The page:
(Somehow witnesses who saw Michael Brown moving towards Darren Wilson were located to testify before the grand jury but media were not able to interview a single such witness before the conclusion of the testimonies — The credibility of these, and all, witnesses can only be established through cross examination during a jury trial. The St. Louis proceedings was tainted all along because of the involvement of McCulloch).
8. Let’s assume that Brown, who had been running away from Wilson because he did not want to get killed, now, inexplicably decided to move towards Wilson, knowing full well that he would be killed by the same gun that he had been fleeing from. Would that in itself justify shooting and killing the boy?
Of course not. The question would still remain: why not shoot him in the legs, even multiple times? His legs must have been visible and he must have been standing straight facing Wilson since that’s the only way Brown could have been shot in the right eye.
9. So during his Grand Jury testimony (by this time Wilson has presumably been well coached) the officer comes up with an explanation he knows will resonate given the way Black males have been demonized in this country.
Yes, had Brown been a normal human being, perhaps Wilson might have considered shooting him in the legs to immobilize him. But Brown wasn’t a normal human being as Wilson tells members of the Grand Jury according to published accounts of his testimony: “At this point I start backpedaling and again, I tell him get on the ground, get on the ground; he doesn’t. I shoot another round of shots. Again, I don’t recall how many him every time. I know at least once because he flinched again. At this point it looked like he was almost bulking up to run through the shots, like it was making him mad that I’m shooting at him. And the face that he had was looking straight through me, like I wasn’t even there, I wasn’t even anything in his way.”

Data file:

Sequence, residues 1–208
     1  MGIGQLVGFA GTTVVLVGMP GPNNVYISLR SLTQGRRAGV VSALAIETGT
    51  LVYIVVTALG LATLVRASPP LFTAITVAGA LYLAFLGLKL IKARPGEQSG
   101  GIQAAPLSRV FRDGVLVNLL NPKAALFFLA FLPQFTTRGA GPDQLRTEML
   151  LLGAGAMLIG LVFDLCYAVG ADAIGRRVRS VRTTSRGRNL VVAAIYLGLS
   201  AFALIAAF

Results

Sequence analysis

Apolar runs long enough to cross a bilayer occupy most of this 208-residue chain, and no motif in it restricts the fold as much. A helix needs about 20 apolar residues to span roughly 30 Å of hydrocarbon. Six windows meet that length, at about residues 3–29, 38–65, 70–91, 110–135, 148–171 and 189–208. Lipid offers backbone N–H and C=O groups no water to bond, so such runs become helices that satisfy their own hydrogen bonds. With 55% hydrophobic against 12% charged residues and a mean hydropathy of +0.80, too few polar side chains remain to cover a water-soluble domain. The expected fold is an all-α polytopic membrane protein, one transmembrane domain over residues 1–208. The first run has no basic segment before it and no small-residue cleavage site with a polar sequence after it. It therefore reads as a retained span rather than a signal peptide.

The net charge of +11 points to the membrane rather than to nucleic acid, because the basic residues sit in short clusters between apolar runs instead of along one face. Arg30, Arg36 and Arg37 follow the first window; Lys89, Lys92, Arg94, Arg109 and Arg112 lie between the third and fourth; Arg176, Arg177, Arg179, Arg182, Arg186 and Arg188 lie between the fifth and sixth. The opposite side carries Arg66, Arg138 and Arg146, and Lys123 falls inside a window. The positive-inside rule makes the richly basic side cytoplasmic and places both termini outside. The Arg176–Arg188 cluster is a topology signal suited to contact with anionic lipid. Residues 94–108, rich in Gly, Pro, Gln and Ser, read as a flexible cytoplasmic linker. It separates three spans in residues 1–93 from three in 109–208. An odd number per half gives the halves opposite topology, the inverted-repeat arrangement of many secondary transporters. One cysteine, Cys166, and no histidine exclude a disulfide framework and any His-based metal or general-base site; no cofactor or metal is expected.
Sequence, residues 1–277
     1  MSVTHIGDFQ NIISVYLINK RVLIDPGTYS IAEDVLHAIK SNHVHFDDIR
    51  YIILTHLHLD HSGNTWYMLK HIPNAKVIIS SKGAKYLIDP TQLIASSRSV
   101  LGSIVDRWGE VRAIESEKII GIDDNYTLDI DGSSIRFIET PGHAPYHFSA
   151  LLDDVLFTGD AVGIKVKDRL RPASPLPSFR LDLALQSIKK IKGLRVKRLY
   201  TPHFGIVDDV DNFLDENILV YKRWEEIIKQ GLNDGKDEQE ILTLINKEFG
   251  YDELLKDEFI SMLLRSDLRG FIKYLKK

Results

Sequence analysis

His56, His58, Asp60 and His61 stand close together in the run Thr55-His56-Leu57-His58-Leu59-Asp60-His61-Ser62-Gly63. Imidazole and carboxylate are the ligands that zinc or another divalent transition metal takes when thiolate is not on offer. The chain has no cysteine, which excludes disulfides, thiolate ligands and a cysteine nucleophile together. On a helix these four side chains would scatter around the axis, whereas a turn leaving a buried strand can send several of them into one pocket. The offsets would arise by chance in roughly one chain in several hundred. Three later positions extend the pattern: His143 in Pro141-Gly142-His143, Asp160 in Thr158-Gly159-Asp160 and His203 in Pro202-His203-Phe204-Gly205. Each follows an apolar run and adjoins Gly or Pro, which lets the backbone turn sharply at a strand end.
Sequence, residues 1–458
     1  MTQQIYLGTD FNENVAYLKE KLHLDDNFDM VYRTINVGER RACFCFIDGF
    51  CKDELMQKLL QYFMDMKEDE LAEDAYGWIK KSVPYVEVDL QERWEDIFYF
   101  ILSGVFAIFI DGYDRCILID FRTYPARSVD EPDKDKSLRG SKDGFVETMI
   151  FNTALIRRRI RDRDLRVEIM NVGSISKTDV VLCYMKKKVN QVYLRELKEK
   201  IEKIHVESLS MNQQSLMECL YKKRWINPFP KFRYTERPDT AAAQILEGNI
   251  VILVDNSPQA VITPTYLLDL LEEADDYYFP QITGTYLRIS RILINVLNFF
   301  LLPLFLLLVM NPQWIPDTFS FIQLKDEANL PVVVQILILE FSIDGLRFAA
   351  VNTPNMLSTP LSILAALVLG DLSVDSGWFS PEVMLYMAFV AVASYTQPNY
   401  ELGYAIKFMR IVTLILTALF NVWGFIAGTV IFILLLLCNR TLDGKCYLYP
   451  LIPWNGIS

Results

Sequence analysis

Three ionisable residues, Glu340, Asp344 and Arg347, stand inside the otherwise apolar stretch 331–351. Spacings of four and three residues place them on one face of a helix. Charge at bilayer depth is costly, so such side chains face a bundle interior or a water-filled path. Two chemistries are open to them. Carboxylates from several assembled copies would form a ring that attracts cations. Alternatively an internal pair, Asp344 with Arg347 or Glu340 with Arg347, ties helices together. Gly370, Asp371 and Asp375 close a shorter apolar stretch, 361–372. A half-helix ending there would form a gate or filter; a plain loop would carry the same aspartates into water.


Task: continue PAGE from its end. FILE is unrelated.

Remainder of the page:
Elsewhere, also playing the race card, Wilson said of Brown that he “looked up at me and had the most intense aggressive face. The only way I can describe it, it looks like a demon, that’s how angry he looked.”
10. So in essence Wilson was able to deliver the final touches on the demonization of Michael Brown: the first instance was chief Jackson’s release of the shop lifting video; the second was the New York Times discovering that Brown wasn’t an angel; and now Wilson revealing that, in fact, he was a “demon.”
These are the reasons why the Grand Jury did not indict Darren Wilson.
Given the choice of a White man in law enforcement uniform and a “demonic” pot-smoking cigarillo-stealing Black teenager the choice was simple.
That’s why Darren Wilson’s innocence or guilt must be decided by a real jury, not by a process manipulated by a prosecutor and willing media outlets.
Officer Wilson was not engaged in self defense when he chased down Michael Brown and killed him.
Absent self-defense and/or legitimate police work, which would have been arresting Brown, Officer Wilson engaged in unlawful actions.
He violated Michael Brown’s human rights and civil rights by depriving him of his most most precious possession — the right to life.
Please sign a Petition Demanding that Attorney Genral Eric Holder and the Department of Justice (DOJ) bring charges against Officer Darren Wilson.